Italy: Loosening The Tie That Binds
In 1931, 99.6 per cent of the Italian population claimed to be Roman Catholic. Mussolini’s concordat with the Vatican, designating Catholicism the state religion, was just two years old.
That concordat is still in effect, but its days are numbered. The growing recognition that the church has little influence on many Italians led to the creation of a six-member commission that is proposing a streamlined new treaty. The document, which has just been sent to Italy’s Parliament, does not name Catholicism as the state religion.
Terms of the new treaty were hammered out over months of meetings. Three members of the commission represented the Vatican and three the Italian government. Their proposal reduces the number of provisions in the concordat from forty-five to fourteen. It may still be amended by Parliament, but the commission’s work has been hailed by church and state authorities.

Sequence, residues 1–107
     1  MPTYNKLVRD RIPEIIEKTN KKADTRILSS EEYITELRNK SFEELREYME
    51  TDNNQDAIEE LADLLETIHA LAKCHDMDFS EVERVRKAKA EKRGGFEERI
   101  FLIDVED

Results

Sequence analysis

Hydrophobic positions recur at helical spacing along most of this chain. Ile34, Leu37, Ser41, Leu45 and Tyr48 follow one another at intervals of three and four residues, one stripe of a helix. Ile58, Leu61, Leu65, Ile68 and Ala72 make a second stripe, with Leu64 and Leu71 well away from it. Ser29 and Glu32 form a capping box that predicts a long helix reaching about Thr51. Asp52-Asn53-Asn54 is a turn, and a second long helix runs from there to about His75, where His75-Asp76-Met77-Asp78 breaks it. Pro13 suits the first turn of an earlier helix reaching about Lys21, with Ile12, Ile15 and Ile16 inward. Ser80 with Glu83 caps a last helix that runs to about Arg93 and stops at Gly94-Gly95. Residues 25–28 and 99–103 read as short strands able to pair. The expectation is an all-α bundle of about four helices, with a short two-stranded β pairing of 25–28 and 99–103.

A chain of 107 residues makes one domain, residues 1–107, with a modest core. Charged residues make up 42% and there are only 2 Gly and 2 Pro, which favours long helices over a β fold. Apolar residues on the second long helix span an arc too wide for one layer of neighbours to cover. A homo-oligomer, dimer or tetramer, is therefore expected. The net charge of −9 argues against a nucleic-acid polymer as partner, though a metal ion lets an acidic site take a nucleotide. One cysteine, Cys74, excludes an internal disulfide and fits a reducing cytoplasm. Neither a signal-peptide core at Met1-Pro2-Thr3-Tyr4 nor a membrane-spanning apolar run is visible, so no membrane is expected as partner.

In addition to abolishing the state-religion designation, the draft concordat eliminates the Italian recognition of Rome as a “sacred” city. It treats marriage differently, no longer calling it a sacrament. Even though the 1929 document prohibited divorce, Italian law now authorizes it. In other changes, religion would no longer be a required course in schools, and priests would not be forbidden to hold public office.